I am a single mother, right from the get go and HAD to go back to work part time when my son was only a month old. (later working full time) Boy did I have guilt feelings! But I had an elderly couple watching my baby son and they became an important “extended family” for my son and myself. He thrived with them while I was working and the smile I got from him when I came to pick him showed me I really had nothing to be guilty about. I was also reassured by the elderly woman who often told me, “Jordan, that boy of your’s is fine, just see how happy he is when you come get him. Honey, remember you have to work and you’re doing it for him. It’s the mothering you give him at home he’s gonna remember. He knows you love him, so stop feeling guilty.”

Tomorrow my son turns 29 and has 3 children whom he loves fiercely. Interestingly enough as a father he has often had guilt feelings because of the long hours he has to work to provide for them. All 3 children love him and are totally delighted having “Daddy time” once he has arrived home. As his mother I remind him to not feel guilty, but to make each moment count when he is home. Helping him with his feelings is still a part of my mom role and always will be.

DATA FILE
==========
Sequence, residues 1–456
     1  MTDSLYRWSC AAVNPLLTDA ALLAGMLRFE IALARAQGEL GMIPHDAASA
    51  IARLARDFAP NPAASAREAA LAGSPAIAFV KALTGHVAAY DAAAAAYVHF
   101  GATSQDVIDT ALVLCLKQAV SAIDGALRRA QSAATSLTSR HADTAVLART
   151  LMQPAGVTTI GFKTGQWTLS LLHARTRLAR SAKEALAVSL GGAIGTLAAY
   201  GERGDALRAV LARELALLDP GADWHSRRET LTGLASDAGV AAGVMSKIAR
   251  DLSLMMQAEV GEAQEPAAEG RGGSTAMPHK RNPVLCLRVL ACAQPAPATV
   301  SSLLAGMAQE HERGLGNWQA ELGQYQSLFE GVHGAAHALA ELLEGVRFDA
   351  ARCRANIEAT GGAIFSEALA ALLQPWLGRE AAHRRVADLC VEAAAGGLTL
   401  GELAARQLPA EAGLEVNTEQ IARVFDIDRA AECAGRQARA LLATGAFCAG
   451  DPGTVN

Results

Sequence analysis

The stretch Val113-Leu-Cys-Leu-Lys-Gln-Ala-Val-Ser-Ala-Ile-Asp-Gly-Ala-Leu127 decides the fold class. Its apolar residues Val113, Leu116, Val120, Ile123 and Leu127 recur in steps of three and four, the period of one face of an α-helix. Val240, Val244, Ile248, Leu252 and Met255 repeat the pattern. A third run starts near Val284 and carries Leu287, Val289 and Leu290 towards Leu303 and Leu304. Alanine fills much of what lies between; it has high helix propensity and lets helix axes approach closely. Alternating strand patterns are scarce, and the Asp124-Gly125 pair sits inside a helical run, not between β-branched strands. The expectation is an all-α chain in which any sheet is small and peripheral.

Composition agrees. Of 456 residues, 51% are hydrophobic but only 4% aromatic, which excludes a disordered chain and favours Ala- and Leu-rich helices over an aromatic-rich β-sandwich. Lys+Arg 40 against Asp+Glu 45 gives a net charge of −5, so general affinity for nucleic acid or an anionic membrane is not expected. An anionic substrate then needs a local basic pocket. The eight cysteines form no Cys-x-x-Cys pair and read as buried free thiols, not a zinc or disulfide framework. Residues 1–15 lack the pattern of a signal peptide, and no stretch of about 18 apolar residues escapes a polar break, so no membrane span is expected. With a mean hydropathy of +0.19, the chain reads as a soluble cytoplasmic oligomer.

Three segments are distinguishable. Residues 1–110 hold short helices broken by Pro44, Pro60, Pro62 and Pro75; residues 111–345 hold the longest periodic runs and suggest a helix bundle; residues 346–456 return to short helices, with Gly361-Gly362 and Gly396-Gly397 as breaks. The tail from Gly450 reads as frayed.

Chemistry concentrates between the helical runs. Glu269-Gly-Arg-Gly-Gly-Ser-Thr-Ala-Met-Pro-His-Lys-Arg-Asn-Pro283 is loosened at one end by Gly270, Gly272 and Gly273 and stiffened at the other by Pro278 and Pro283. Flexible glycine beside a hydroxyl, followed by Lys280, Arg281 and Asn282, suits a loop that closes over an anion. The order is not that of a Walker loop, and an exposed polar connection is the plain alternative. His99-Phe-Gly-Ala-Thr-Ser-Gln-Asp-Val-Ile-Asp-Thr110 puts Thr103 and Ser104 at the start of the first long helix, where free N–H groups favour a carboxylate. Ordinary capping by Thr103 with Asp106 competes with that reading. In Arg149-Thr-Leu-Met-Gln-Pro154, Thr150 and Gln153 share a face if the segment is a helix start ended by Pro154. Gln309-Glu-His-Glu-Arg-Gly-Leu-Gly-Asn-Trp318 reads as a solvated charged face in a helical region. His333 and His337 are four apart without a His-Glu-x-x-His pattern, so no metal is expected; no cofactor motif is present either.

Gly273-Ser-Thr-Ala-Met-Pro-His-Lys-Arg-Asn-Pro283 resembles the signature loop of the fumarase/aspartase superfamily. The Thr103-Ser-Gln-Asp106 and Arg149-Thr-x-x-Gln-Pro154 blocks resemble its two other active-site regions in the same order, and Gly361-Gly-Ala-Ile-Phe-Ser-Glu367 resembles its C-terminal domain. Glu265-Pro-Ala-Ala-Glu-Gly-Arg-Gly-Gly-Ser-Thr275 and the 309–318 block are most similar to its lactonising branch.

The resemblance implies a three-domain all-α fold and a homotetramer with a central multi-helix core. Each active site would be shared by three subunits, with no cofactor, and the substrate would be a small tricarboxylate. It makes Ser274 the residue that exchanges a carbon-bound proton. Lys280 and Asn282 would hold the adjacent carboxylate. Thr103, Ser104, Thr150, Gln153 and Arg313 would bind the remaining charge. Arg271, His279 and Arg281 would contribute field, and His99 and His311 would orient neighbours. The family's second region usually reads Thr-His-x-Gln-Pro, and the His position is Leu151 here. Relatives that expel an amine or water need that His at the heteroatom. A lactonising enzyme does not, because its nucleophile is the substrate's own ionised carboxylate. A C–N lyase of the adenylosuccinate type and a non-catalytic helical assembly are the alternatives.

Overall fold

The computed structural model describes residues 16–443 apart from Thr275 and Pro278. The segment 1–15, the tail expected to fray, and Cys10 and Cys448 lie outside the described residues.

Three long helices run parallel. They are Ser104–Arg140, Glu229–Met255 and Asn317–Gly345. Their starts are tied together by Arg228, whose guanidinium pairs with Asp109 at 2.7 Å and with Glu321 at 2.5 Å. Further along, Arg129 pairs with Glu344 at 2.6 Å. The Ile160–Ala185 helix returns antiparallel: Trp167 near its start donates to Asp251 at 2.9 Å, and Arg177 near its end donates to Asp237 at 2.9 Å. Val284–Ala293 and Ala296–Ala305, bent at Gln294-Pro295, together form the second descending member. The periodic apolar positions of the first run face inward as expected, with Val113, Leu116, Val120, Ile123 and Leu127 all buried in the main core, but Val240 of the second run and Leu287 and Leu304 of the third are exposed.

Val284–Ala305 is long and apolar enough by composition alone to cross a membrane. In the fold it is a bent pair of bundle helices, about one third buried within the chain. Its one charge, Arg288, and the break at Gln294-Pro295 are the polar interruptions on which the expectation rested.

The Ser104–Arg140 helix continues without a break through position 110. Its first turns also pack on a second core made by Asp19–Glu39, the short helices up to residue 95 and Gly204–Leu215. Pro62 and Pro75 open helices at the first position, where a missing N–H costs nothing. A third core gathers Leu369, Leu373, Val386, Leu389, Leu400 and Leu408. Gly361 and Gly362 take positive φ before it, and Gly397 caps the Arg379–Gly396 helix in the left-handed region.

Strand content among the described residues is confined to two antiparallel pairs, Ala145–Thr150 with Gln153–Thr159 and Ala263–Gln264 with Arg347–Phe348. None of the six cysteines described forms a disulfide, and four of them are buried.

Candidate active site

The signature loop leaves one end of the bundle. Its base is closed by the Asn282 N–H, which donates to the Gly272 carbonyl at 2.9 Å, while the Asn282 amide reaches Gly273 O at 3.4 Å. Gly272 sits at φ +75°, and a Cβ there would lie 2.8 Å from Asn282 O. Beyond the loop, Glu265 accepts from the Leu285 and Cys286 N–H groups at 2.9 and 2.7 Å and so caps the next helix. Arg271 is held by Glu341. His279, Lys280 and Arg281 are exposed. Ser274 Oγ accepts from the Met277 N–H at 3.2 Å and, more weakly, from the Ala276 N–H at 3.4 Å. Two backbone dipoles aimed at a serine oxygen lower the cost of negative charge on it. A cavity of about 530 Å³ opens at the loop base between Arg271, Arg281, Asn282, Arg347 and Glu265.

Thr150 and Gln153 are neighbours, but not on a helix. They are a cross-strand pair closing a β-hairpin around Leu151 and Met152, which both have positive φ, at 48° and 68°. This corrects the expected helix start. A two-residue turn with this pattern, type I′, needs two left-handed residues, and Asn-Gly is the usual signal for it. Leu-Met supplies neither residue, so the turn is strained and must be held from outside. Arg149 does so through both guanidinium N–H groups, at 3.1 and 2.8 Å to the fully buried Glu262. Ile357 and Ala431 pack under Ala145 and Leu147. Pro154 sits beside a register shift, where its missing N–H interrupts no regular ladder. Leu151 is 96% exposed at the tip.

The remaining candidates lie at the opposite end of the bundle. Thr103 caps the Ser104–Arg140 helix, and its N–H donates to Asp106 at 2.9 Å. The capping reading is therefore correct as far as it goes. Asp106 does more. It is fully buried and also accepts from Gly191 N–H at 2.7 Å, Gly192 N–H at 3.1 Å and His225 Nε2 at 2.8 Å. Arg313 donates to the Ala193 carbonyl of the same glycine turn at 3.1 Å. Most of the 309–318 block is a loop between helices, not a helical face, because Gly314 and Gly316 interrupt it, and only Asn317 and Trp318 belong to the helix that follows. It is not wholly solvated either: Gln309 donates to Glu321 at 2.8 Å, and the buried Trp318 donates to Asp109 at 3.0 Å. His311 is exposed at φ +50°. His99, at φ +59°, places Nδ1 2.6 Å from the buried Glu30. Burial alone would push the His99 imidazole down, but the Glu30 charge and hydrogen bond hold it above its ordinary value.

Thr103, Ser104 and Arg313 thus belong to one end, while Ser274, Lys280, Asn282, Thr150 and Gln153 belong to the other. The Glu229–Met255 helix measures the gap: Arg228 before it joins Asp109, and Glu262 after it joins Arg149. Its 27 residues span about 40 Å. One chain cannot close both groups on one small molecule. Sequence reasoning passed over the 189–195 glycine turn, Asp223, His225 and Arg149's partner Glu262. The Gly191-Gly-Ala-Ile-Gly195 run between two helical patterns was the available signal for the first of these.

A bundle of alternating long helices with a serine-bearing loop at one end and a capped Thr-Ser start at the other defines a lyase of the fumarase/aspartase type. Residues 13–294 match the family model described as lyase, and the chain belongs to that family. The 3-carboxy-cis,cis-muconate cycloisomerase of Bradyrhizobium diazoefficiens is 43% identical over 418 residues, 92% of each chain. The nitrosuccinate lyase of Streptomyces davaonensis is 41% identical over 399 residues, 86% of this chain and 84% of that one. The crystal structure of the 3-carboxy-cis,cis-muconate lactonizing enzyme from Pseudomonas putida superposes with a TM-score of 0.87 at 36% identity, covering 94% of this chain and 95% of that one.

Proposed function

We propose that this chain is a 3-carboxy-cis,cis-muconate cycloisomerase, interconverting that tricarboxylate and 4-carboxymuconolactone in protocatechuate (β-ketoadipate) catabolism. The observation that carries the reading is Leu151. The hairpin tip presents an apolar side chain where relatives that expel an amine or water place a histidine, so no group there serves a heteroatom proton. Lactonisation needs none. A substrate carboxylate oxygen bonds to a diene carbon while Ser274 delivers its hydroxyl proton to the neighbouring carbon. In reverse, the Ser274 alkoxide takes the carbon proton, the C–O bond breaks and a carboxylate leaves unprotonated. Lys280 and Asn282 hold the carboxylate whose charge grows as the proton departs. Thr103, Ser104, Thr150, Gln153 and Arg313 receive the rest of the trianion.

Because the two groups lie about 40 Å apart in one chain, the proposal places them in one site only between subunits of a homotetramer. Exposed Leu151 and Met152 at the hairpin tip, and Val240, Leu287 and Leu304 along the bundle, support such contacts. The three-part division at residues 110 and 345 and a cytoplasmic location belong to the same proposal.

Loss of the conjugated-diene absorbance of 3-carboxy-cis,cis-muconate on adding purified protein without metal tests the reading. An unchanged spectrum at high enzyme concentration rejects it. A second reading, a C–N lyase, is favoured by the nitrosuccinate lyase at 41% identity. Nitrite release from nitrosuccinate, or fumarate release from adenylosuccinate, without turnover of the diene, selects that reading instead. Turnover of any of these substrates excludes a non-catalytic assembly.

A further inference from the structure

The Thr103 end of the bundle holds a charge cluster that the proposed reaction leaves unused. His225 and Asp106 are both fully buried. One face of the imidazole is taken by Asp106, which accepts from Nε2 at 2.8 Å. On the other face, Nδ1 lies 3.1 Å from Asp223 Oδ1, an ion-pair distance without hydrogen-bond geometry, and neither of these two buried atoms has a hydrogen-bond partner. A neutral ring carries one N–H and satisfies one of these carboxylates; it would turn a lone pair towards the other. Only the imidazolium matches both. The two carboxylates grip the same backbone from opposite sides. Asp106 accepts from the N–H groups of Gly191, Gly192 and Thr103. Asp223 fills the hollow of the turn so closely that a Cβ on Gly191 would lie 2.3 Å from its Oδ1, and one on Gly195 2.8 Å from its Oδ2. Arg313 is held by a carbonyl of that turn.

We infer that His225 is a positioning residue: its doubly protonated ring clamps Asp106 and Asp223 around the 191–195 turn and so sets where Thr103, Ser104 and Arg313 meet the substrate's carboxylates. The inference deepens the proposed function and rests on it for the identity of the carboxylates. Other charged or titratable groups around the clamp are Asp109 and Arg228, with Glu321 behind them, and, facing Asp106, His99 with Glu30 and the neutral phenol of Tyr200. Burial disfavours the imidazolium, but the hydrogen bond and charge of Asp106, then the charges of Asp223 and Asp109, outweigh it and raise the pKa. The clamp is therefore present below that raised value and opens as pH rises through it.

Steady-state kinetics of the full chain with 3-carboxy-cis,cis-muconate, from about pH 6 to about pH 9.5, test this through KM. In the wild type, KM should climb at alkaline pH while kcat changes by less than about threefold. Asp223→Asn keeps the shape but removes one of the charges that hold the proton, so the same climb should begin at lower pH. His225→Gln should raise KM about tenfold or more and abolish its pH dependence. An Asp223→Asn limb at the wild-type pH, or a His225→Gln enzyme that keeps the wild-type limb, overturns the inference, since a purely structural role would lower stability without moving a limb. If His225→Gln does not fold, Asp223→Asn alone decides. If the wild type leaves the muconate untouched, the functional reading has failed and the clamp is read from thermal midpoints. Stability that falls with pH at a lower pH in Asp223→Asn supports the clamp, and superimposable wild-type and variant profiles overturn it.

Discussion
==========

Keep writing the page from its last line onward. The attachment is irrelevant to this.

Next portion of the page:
My HAVING to work during his entire childhood hasn’t caused him any long term negative effects as according to Anthony, “Ma, I couldn’t have asked for a better mother than you. I love you so much.” Elisabeth, one day your daughter will no doubt tell you the same thing.

momofone on

Great blogs. I too have one child and work full time. I love my son but also love what I do. I feel guilty quite often but wouldn’t change things for the world.

Elle Mickey on